I listen to music much of the time. I live in downtown Boston and even if I go walk an errand that is five minutes away, I have my iPod on shuffle. I listen when I go jogging, when I’m cooking, in the car. I can’t listen if I’m writing or when I’m working at my desk because it’s too distracting. I’m often listening to blues and Appalachian music. As I said, John Lee Hooker is always in there, but I also listen to some – but not a lot – of pop music. I love and listen to a lot of old-time jazz, swing, folk music, singer songwriter genre. There is SO much amazing music and I love discovering new artists.. from past or current. I particularly love to experience live music and go out as often as I can and am fortunate enough to live near many venues that have live music many nights a week. You are right, I don’t have a moment of ‘spare’ time, but I do multi-task my listening. Some of my favorite live artists who I get to see regularly in New England are Diane Blue, Dennis Brennan, Lisa Marie, Racky Thomas and Neal Vitullo… Sometimes I like to flip around the radio stations when I’m in the car. That is still really fun and I never know what’s going to catch my ear.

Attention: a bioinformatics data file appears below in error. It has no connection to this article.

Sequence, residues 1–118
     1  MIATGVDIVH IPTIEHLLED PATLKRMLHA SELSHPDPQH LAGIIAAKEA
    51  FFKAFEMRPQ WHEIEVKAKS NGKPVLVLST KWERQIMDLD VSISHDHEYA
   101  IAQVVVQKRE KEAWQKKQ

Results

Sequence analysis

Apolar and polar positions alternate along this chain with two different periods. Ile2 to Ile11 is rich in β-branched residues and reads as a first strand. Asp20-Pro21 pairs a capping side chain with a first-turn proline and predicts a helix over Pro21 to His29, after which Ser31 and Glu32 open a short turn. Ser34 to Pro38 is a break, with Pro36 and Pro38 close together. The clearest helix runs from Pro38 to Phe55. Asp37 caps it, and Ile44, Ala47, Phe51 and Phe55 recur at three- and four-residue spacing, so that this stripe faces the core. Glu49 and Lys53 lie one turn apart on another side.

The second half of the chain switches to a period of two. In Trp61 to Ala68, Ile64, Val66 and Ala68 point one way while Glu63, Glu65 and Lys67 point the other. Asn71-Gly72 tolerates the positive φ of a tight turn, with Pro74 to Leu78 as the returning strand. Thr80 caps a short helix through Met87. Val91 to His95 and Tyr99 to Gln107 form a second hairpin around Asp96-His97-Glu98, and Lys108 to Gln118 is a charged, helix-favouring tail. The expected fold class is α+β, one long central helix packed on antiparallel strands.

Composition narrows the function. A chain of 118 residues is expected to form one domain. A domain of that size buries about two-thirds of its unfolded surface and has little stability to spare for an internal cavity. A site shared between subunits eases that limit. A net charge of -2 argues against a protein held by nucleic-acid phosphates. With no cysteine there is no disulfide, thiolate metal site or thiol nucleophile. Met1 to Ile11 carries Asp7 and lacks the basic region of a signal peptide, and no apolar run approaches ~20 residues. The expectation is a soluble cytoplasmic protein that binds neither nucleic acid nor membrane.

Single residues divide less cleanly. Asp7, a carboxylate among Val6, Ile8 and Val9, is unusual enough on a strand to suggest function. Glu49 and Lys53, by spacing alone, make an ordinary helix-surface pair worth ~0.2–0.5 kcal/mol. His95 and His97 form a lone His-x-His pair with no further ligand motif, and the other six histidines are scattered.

J Thanks for all the fun and thought provoking questions, and thanks to everyone for supporting musicians – live and otherwise.   


I've Got Something To Tell You (Katz n' Fiddle Records) - 2014

Movin' On (Regina Royale Records) - 2016

Friday, November 4, 2016

One Very Productive Day

For Buddy Guy and Junior Wells, October 31st in 1979 had to be one of the most productive days they ever enjoyed as musicians.  The pair was busy touring overseas in Europe and were spending some time in France.  Sad to say, but at the time, blues artists frequently enjoyed larger followings in Europe and other countries than they did in their home country (a condition that exists for some blues artists even to this day).  It was difficult for many blues artists to even record an album in the time, neither Guy or Wells had recorded a domestic album in several years.